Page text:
In Spite of the Gods

A NY Times book review (Hat tip: Pankaj Narula) begins with a classic gambit: “All eyes are on China as it races to become the world’s next great power. Smart bettors would be wise to put some money on India to get there first, and Edward Luce explains why in “In Spite of the Gods: The Strange Rise of Modern India,” his highly informative, wide-ranging survey.”

It appears to me that to make a mark, you have to write a book which sort of turns conventional wisdom on its head. The hare is faster? Tell a story that ends with the tortoise winning against all odds. Yet at the same time, use the usual stereotypes. The title of Luce’s book immediately appeals to the prejudice that somehow Hindus (the majority of Indians are Hindus, although it may not appear so) with their mindless worshipping of millions of idols are somehow congenitally incapable of economic prosperity, and implies that that incapacity has something to do with the fact that they worship idols.

India has suffered economically from socialist policies promoted by people who were anything but polytheistic heathens. The socialism that was forced (and continues to be thrust down India’s throat) was decidedly atheistic. Yet Hindus and Hinduism is tarred with a wide brush and India’s dismal economic performance is labeled the “Hindu rate of growth.” The neighboring countries’ even worse economic performances are never referred to as the “Muslim rate of growth.”

I confess that I have not read the book by Luce, only the review. Perhaps Luce’s point is different from what the reviewer summarized. But for the moment let’s assume that the reviewer is accurate in his reporting. He writes: “India’s dizzying economic ascent began in 1991, when the government abruptly dismantled the “license raj,” a system of tight controls and permits in place since independence in 1947.” The last bit is inaccurate, to put it mildly.

The “license raj” was not born on Aug 15th, 1947 any more than all the Indians living in India then were born on that day. Like the people of the independent India, the license raj was born way before independence. The British had created that regime for their own purposes. The purpose was to control every aspect of the economy so that they could extract and exploit the economy as much as they could. After all, colonial powers are motivated not by altruism but by the simple desire to extract wealth.

A charitable NGO the British were not. So they put together a superb bureaucratic machinery with the express purpose of denying economic freedom to the natives they ruled over. The tranfer of political leadership in August of 1947 did not in any way alter the basic structure of the administrative mechanism. The incentives remained the same and the goals were therefore unaltered. Change of name hardly imposes any requirement that the basic character change, both in the case of an individual or an institution.

The reviewer continues: “Unlike China, India has not undergone an industrial revolution. Its economy is powered not by manufacturing but by its service industries.” If Luce has demonstrated that the service industries power the Indian economy, it is a remarkable feat indeed. It would take a much longer article (later, perhaps) to expose that bit of economic nonsense.

I am wildly conjecturing here, of course, but perhaps Luce has read and believed too many media reports. Take, for instance, this bit from the review: “Its excellent engineering schools turn out a million graduates each year, 10 times the number for the United States and Europe combined, yet 35 percent of the country remains illiterate.”

Excellent engineering schools, did you say? And the definition of “excellence” is? Does it mean that only about a quarter of the graduates are employable? If that is what it means, then I can decode what the reviewer means when he writes: “Despite its robust democracy and honest elections, India faces the future saddled with one of the most corrupt government bureaucracies on earth.” I understand. What “robust democracy” means is “a circus where a large number of ill-informed people vote based on which party is able to most convincingly promise them goodies based on caste and religious lines.”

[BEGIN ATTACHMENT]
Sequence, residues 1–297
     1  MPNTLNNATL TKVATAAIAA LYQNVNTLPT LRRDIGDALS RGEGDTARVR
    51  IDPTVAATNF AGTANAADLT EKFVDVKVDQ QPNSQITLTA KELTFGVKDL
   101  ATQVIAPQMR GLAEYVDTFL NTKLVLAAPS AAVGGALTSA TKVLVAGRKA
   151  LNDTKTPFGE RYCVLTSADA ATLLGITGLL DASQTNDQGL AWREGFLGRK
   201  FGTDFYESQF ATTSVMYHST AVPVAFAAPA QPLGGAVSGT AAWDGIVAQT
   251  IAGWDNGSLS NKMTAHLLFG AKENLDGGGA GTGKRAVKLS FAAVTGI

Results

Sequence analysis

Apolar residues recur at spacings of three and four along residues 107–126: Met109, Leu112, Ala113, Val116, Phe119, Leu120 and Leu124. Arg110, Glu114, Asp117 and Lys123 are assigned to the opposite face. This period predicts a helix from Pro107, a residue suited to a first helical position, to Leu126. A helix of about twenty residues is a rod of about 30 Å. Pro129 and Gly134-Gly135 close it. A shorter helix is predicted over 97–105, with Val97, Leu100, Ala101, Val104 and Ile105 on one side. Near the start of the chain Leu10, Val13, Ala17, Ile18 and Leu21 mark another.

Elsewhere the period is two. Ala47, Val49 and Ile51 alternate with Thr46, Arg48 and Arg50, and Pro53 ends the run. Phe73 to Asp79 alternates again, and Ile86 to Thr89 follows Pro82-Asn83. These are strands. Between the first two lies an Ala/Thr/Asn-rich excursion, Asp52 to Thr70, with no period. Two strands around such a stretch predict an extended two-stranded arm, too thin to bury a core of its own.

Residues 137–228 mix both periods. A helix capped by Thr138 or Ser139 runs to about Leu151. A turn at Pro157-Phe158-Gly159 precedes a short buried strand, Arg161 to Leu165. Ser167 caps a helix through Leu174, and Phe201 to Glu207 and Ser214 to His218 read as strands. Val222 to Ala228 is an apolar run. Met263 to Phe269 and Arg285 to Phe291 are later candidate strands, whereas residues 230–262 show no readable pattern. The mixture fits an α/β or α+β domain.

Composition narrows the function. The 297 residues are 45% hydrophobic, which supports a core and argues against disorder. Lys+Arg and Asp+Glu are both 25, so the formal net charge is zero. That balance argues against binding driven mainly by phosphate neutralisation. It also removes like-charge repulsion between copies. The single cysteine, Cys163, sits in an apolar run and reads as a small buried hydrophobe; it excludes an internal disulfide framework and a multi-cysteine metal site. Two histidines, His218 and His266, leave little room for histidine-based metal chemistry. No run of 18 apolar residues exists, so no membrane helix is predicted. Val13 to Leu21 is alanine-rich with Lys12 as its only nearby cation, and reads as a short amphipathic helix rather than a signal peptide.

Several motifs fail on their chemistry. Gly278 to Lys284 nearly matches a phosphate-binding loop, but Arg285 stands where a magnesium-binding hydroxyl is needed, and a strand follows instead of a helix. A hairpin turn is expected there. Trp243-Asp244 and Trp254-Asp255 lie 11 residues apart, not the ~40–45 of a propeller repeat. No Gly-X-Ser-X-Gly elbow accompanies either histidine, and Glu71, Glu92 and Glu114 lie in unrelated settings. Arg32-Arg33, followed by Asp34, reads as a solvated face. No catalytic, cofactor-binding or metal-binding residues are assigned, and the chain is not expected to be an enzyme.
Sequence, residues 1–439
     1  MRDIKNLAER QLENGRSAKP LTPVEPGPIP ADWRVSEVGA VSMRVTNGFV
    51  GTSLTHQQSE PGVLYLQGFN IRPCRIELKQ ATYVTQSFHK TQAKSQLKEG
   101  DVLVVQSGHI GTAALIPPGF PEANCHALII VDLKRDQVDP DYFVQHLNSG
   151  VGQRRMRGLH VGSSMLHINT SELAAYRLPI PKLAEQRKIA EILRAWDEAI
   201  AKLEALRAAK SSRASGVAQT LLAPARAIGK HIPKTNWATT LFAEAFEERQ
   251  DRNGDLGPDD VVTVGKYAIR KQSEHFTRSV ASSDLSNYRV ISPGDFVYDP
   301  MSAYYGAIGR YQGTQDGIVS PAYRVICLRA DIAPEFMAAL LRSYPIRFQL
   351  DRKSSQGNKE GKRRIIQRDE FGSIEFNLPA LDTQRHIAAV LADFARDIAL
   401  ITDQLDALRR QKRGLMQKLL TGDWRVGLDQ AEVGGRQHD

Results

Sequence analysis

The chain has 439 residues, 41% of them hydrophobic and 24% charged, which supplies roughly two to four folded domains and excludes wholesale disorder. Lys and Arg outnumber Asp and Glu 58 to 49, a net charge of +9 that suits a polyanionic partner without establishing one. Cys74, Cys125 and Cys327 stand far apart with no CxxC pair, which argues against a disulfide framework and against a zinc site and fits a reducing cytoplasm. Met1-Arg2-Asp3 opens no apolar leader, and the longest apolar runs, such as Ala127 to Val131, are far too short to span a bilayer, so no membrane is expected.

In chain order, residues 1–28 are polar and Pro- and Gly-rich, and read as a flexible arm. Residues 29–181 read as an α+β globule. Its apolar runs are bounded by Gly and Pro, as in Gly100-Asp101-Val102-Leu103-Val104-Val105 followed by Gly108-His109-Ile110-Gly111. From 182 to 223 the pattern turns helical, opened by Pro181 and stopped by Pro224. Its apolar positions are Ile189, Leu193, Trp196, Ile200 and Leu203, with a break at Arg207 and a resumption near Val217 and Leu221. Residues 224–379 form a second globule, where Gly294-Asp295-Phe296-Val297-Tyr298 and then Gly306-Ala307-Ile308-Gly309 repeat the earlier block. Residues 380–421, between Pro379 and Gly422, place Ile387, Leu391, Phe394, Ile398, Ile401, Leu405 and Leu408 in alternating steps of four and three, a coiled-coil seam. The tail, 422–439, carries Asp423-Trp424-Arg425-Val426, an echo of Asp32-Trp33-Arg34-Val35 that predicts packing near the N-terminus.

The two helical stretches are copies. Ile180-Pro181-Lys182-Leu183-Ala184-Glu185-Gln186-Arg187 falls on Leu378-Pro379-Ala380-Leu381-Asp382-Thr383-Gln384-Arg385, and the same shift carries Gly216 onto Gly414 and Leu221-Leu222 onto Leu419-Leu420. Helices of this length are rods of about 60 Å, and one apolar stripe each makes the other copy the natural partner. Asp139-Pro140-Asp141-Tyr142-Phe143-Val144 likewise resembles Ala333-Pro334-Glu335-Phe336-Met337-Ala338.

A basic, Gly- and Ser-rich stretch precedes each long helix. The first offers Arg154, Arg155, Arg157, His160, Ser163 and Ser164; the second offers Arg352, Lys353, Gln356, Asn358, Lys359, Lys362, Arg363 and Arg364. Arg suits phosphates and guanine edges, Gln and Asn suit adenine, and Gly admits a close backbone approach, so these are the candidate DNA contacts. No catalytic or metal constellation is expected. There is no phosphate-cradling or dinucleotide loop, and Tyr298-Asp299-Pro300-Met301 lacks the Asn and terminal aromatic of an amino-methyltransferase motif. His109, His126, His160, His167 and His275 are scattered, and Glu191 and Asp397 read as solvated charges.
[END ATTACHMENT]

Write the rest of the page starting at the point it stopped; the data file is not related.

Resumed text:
“Honest elections” means . . . Don’t know but I guess it has something to do with the fact that the elected have a much higher percentage of criminals (murderers, rapists, scam artists, blackmailers) among them than the general population.

I have to admit that I take a dim view of any author who regurgitates mindless economic half-truths. I pass it off as mere ignorance. But when someone talks of the “alarming rise of Hindu nationalism,” I am not as charitable. I think it is naked bigotry and prejudice against Hindus. According to them, Hindus are supposed to be passive residents of a land and should not become uppity and talk about national pride or pride in their culture or ethos. Everyone has a claim–a first claim even–to resources but Hindus should take a back seat.

I kind of suspect that there are enough juicy bits in the book to make it into a best seller. People like to read about strange and exotic stuff that idol worshipping heathens do. And then exclaim, “In spite of the gods, India is moving forward. Imagine if they were like us, monotheists, how prosperous they would have been?”

I am out of here; I have to write my best-seller “The Software Programmer and the Snake Charmer.”

Author: Atanu Dey


14 thoughts on “In Spite of the Gods”

  1. Very well written riposte. It galls me too when I read articles, opinions by various newspapers, authors, bloggers(eg. huffington) about the rise of hindu nationalism. It’s been the bloody communists and congress that caused so much harm to India and its economy prior to 1990. And people foist blame on idol worshipping hindus.


  2. Atanu,
    I find it a little unfair of you to pick on “Rise of Hinduism” and reject the argument based on this. Yes I agree that some of the statistics are incomplete and misleading if not completely wrong. However, the motivation of the argument is rock solid. The analogy of a “large swamp of bees” is anything but false and so is the analogy of an autopilot. My take on this book is nonchalant not because of the fallacies identified by you (some of which are correct and some I don’t agree with) but rather the ineptitude of author to stir the already turbulent waters. Unfortunately, the audience of this book will remain a minute percentage of our society and the message of this book will remain muffled in the very shadows of the ills it tries to expose.